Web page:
The committee member informed Asharq Al-Awsat: “This article is one of the main items of the constitution to guarantee the independence of Al-Azhar to protect the country and the people from a fatwa war,” adding, “Al-Azhar wants to reach a majority constitution which represents all Egyptians, upholds the higher interest of the state, and preserves the country’s Islamic identity.”
Meanwhile, the 50-member committee continued discussions on Wednesday of the outstanding points of contention, particularly articles related to the army, the system of governance, and the Shura Council (upper chamber of parliament).
The committee member told Asharq Al-Awsat: “The 50-member committee has almost finished its work and has begun the last reading of the preliminary draft of the constitution in preparation for discussion in the General Assembly. However, there are articles that have not been drafted yet, and they will be presented to the General Assembly to decide on them. These include a decision on whether to change the name of the Shura Council.”
The committee member added that an agreement had been reached to remove an article which stipulated that Al-Azhar must be consulted on all issues relating to Islamic Shari’a law. Article 4 of the 2012 constitution is now set to read: “Al-Azhar is an independent inclusive Islamic institution, which specializes in its own affairs, and takes charge of Islamic preaching and teaching in Egypt.”
“Al-Azhar representatives confirmed that Al-Azhar will not accept the organization being placed above other authorities, or granted a political role which could be used by others for their own political ends,” the source said.
The member also pointed out that Egypt’s Supreme Constitutional Court would be responsible for clarifying the controversial second article of the constitution, which deals with the “principles” of Islamic Shari’a law.
The source said: “Article 2 of the constitution has been sufficiently explained by the Supreme Constitutional Court regarding the term ‘Sharia principles’ in order to achieve what is required, in that Islamic Sharia is the basis for all legislation, and that the term ‘principles’ is sufficient to enact forthcoming legislation in a way which does not abandon Islamic Sharia in any form.”
The constitutional committee member also confirmed that representatives of Al-Azhar had insisted that the text of Article 2 is kept the same and not amended. This would see the article remain the same as it was in the 1971 Constitution, with Al-Azhar serving as the first line of defense of Egypt’s Islamic identity.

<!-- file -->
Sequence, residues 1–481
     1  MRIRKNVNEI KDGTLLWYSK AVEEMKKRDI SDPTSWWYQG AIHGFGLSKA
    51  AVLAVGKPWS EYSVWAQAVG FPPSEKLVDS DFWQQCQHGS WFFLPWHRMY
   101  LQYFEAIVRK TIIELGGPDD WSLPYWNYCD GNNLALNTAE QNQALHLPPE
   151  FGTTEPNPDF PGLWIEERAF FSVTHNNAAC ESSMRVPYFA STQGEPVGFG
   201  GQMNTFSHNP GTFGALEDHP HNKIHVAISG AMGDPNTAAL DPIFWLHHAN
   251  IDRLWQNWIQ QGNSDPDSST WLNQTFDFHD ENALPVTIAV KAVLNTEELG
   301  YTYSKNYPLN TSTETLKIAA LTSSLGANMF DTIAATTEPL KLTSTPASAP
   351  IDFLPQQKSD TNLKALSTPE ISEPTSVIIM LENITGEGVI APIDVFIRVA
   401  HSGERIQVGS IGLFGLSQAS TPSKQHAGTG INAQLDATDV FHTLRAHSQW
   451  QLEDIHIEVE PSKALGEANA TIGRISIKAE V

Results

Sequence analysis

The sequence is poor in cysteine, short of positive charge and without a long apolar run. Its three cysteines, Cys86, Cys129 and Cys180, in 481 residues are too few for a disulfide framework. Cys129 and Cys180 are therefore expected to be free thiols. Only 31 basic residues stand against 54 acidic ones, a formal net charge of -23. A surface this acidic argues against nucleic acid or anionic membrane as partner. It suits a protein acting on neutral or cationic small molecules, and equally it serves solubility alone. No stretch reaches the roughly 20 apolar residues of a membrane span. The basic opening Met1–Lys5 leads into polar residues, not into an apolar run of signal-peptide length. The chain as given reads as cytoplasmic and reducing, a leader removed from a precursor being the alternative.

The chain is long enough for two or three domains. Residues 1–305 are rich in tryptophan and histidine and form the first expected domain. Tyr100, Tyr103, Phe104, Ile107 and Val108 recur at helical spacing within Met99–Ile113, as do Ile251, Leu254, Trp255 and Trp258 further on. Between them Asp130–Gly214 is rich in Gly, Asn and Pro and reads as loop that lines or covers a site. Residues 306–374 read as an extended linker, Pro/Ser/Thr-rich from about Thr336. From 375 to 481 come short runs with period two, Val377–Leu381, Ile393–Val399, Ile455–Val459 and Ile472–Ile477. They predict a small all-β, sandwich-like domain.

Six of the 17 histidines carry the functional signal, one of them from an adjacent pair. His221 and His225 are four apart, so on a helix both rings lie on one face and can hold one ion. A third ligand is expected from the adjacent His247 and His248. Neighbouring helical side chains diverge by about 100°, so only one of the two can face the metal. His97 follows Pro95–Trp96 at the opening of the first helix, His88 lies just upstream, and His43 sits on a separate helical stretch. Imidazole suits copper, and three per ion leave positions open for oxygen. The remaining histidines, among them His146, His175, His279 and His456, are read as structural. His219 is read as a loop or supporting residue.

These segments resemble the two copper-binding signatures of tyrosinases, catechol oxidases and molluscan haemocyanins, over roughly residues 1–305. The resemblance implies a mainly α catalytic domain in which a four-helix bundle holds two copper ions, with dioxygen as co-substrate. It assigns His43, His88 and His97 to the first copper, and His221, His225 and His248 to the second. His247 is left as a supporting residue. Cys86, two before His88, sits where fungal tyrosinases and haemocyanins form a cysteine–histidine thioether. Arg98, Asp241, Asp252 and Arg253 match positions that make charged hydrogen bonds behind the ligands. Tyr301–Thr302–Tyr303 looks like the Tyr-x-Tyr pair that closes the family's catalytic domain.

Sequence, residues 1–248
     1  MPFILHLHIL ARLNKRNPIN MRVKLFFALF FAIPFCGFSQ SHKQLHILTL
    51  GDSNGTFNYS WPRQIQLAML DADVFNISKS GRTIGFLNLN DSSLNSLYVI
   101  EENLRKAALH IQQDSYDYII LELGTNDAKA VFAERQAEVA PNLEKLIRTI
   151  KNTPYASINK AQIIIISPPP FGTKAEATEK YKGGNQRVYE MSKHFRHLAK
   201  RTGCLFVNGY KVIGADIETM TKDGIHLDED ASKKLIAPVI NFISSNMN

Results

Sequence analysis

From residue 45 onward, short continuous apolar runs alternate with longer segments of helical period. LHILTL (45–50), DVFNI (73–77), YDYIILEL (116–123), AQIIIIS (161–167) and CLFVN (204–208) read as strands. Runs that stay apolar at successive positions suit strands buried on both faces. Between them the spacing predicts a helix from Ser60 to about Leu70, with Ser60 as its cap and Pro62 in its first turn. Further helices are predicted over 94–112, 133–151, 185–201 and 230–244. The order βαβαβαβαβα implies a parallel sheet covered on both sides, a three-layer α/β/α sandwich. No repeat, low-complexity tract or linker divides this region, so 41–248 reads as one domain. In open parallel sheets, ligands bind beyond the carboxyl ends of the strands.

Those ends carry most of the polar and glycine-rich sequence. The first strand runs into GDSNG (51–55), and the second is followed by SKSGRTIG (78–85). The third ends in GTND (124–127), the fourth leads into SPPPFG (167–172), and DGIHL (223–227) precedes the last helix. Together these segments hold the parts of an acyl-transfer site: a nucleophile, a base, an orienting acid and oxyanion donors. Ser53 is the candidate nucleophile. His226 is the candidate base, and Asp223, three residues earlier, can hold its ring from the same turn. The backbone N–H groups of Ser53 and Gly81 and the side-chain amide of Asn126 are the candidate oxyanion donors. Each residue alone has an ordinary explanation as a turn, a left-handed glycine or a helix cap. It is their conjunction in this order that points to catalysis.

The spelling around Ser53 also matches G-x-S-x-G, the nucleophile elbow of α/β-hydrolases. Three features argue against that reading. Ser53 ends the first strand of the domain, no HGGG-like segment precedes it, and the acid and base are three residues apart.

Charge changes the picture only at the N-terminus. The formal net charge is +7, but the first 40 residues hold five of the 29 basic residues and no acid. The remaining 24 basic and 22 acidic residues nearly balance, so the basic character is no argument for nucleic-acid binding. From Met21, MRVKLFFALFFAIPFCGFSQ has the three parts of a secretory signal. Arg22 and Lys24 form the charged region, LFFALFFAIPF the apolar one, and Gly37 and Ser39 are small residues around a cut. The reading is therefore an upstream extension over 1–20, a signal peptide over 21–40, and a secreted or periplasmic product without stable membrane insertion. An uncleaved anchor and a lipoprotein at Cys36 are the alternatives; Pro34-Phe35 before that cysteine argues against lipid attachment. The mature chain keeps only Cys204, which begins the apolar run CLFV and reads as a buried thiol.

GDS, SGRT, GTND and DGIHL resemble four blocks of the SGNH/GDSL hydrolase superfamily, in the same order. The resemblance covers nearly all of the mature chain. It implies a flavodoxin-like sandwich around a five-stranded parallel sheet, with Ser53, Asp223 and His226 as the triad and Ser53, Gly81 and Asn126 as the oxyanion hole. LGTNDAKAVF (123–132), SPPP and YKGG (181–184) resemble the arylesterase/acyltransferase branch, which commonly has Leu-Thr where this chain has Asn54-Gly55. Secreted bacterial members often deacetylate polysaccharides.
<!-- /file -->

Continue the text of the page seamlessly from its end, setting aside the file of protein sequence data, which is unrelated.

Article 2 of the Egyptian constitutions of 1971 and 2012 states: “The state’s religion is Islam, its language is Arabic, and Islamic Shari’a is the source of its legislation.”
The committee member revealed that the Orthodox Church representative had threatened to withdraw from the 50-member committee on Wednesday if any clarifying or explanatory text was added to Article 2.
He added: “The new constitution states the independence of the post of Grand Sheikh of Al-Azhar and the inability of his being removed by the president, as well as the selection for this position to take place by election by members of the Azhar Council of Senior Scholars.”
The Council of Senior Scholars is the highest religious authority at Al-Azhar in Egypt. It was reformed on July 17, 2012, following the January revolution, and had previously been disbanded by President Nasser. At certain times in Egypt’s history, the Grand Sheikh of Al-Azhar has been appointed by the president of the republic.
Legal experts on Wednesday warned that the new constitution could be voided because of the committee’s exceeding of the time limit set by the Constitutional Declaration issued by interim President Adly Mansour. This constitutional declaration had granted the 50-member committee a maximum of 60 days to produce a final draft and is set to run out on November 8.
Members of the committee, however, interpreted the 60-day limit as “60 working days”, not including official holidays, extending the deadline to December 3, according to committee spokesman Mohamed Salmawy.